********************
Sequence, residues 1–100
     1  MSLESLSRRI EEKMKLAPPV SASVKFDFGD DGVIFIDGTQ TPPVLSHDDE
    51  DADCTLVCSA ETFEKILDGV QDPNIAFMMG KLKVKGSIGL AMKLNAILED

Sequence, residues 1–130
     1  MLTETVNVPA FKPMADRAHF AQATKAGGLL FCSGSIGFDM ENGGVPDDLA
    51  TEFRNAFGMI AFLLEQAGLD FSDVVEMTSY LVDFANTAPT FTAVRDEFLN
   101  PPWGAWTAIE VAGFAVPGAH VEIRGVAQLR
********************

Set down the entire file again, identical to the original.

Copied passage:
Sequence, residues 1–100
     1  MSLESLSRRI EEKMKLAPPV SASVKFDFGD DGVIFIDGTQ TPPVLSHDDE
    51  DADCTLVCSA ETFEKILDGV QDPNIAFMMG KLKVKGSIGL AMKLNAILED

Sequence, residues 1–130
     1  MLTETVNVPA FKPMADRAHF AQATKAGGLL FCSGSIGFDM ENGGVPDDLA
    51  TEFRNAFGMI AFLLEQAGLD FSDVVEMTSY LVDFANTAPT FTAVRDEFLN
   101  PPWGAWTAIE VAGFAVPGAH VEIRGVAQLR